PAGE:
iSchool scholar confronts rising tide of electronic waste

By Kayla Pohl Wednesday, March 6, 2024

As an iSchool doctoral candidate, Nick Logler spent weeks rummaging through trash piles on the side of the road, ferreting around in thrift stores, and browsing platforms like Craigslist. Discarded desktop printers were his target, and he ultimately collected more than a dozen to supply workshops for middle schoolers to explore concepts like materiality and disassembly. 

They would take the defunct printers apart, then observe and identify the components beneath the surface. After brainstorming and reimagining applications for these parts, the students built entirely new objects. Workshops like these are designed to make visible and tangible the material reality of a consumer technology, said Logler, and they resonate well with participants.

“They are amazed by the number of screws,” said Logler, ‘23. “They open it up and there are springs, gears, and it’s sticky and messy. They pull out cables. What was a magic digital box becomes physical and embodied.”

Now a postdoctoral researcher at the University of Washington Information School, Logler is developing resources to support more proactive and thoughtful technology policymaking. He was recently awarded a Siegel Research Fellowship to continue his work at the Tech Policy Lab, work he says engages two main audiences: policymakers, who are responsible for legislating how technology is made, sold and discarded, and young people, who will be the next generation’s technologists and policymakers.

A pile of discarded electronics.
Piles of discarded printers supply Nick Logler's workshops for middle schoolers, where they learn about concepts such as materiality and disassembly.

His research focuses on e-waste, particularly from consumer technologies. As the average amount of e-waste generated by each American every year balloons to nearly 50 pounds, there is still no federal policy for managing it. But a federal right-to-repair law, according to Logler, would reduce e-waste by making it easier for consumers and small businesses to fix electronics rather than discard them. The U.S. could follow the European Union and mandate a common charger, significantly reducing the number of cords and adapters bought and discarded. 

“There’s a moral imperative to rethink our relationship with digital technologies,” said Logler. “Different countries, especially in the Global North and West, are increasing their demand for stuff. There are hard limits that we start to approach.” We are approaching that limit with lithium, an integral component of rechargeable batteries. Demand is rapidly eclipsing supply, and securing access to it is becoming a geopolitical issue.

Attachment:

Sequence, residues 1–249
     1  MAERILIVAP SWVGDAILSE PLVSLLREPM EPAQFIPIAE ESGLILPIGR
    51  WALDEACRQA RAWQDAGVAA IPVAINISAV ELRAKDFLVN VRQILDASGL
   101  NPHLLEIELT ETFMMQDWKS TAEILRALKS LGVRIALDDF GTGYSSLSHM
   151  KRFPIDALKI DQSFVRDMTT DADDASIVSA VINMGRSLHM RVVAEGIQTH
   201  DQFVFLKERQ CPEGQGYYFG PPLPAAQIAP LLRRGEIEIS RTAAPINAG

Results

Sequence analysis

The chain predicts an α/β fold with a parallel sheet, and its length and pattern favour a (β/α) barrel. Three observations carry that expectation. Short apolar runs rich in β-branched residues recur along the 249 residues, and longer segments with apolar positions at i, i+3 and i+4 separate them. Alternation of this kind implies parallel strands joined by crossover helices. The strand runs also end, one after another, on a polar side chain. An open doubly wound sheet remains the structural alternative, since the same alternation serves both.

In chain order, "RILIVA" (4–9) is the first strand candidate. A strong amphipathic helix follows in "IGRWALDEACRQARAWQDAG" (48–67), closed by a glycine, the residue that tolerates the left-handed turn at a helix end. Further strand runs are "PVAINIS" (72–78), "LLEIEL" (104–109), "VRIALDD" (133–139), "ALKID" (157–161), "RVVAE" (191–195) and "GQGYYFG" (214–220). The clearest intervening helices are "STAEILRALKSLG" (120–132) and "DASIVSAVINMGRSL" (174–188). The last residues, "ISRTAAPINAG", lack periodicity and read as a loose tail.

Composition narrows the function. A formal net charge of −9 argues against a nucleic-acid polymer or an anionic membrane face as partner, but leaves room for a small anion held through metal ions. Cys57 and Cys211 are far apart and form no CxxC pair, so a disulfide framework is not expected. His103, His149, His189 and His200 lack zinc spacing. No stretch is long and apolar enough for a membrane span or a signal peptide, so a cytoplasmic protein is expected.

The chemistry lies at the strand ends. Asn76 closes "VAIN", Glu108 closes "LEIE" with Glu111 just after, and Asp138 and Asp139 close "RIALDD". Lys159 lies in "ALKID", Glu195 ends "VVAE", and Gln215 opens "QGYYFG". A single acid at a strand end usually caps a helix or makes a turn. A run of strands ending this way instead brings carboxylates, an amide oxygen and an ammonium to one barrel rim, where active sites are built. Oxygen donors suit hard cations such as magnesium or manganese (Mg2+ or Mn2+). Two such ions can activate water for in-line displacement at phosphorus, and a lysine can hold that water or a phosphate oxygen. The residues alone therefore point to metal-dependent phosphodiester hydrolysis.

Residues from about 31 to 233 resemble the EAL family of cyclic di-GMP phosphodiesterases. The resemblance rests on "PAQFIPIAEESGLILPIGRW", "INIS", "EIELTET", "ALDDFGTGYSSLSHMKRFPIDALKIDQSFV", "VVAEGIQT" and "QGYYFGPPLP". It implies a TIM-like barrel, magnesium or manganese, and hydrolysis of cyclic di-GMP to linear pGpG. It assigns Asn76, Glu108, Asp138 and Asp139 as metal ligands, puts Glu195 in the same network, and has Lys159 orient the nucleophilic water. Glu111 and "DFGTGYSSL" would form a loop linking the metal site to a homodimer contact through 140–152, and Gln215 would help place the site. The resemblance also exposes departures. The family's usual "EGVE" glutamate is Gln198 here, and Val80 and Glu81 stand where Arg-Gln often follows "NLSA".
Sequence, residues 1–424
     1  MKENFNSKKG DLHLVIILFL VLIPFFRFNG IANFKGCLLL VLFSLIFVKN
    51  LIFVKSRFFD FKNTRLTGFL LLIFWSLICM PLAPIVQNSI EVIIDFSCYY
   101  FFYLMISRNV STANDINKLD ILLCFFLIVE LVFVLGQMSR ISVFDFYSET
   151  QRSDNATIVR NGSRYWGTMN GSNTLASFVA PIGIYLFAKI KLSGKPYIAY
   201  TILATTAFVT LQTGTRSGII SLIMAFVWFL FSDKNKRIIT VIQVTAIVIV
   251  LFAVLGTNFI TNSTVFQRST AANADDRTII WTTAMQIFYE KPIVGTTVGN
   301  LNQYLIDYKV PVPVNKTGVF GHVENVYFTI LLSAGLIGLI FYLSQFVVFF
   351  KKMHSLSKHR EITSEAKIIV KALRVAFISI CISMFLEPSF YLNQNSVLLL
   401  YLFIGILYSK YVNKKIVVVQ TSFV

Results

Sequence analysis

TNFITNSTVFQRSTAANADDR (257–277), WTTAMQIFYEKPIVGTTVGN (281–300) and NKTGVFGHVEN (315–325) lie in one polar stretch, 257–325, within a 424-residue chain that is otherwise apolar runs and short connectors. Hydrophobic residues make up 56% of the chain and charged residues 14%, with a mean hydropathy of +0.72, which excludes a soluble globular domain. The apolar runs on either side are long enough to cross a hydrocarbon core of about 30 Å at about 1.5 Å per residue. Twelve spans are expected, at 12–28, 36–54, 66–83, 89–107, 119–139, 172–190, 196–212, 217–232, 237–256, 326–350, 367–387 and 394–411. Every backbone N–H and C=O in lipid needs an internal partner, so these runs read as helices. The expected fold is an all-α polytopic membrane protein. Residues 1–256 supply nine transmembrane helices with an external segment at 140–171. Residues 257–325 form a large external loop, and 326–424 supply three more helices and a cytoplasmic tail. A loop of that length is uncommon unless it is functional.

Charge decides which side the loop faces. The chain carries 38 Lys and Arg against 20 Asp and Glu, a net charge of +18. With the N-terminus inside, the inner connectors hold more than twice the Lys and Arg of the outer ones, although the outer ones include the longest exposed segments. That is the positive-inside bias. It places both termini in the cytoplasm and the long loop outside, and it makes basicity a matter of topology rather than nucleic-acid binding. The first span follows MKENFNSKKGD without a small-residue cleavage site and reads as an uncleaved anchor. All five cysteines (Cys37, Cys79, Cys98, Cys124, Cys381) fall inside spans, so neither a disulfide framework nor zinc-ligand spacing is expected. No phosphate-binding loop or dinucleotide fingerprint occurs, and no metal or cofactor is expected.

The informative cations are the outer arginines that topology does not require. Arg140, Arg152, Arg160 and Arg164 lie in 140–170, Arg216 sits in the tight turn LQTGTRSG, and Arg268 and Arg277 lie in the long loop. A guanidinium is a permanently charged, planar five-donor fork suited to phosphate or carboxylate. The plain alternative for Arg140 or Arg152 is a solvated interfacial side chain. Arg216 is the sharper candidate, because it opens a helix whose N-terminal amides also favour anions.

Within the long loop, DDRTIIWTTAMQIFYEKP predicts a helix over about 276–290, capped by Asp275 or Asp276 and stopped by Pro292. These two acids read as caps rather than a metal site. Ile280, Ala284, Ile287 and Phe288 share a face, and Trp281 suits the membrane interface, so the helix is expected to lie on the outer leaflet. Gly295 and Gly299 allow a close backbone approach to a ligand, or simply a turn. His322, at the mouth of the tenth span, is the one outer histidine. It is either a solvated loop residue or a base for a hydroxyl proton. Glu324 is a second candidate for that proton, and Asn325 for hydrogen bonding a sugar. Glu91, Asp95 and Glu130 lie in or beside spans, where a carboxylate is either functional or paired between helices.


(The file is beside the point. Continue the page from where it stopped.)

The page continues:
Meanwhile, as Logler explains in a recent paper he co-authored, the language of computer science obscures the massive physical infrastructure required for digital technologies to work. "The cloud" sounds weightless, but it’s made up of data centers that require water and cooled air, with computers that need cables, lithium and other minerals like copper and cobalt.

Generative artificial intelligence, too, is a “nice interface that you experience at your computer or mobile device,” said Logler, “but there is a huge amount of training that goes into that as well as an incredible amount of computing power requiring energy, heat, water.” Few people realize the intense resource extraction and long trail of material impact that precede the moment we sit down at a computer or pull out a smartphone to ask ChatGPT a question.

Logler’s approach aligns with the Tech Policy Lab, where researchers see technology as a tool that can offer promise as well as pose threats, program manager Alex Bolton said. “Tech can be good or bad. Let’s try to make it be more good than bad, and let’s be thoughtful and aware of all its implications.” Logler’s work there includes co-editing Telling Stories, a collection of narratives from people all over the world exploring the potential impact of AI on their lives, and co-writing Ways to Grow, a white paper that offers solutions to make our agricultural systems more resilient.

Logler is also affiliated with the Value Sensitive Design Lab, which is co-directed by his Ph.D. and postdoc advisor, iSchool Professor Batya Friedman. She noted that his master’s in ethics, peace and global studies and his policy experience prepared him to contribute to the Voices from the Rwanda Tribunal project, which explored the role information systems can play in transitional justice and healing following genocide. “Nick was key in developing a toolkit on generative value sensitive design thinking – the Metaphor Cards – which we brought to our research designing information systems and related policies to support international justice institutions,” Friedman said.

Looking ahead, Logler is considering careers inside and beyond the academy. “There are exciting opportunities to weave together teaching, research and work with local communities,” he said. The Siegel Fellowship affords him access to an extensive national network of people in academia and government. Logler notes that while he’s been “an observer, commenter and researcher, this postdoc and fellowship are opening up channels to talk to people that are tied closer to policy.” 

Research recently published in Nature found that the total mass of human-created objects has already surpassed the mass of Earth's life forms. Despite this bleak picture, Logler adopts a hopeful ethos. He is energized by the designers and builders who are reimagining how we make and recycle technology. It’s rewarding, he said, to see the motivation, curiosity and excitement in Informatics or law classrooms as well as in makerspaces and workshops. “I collect these examples of people reimagining and reinventing materials and processes for building or working with materials, and I keep those in a little bank of hope.”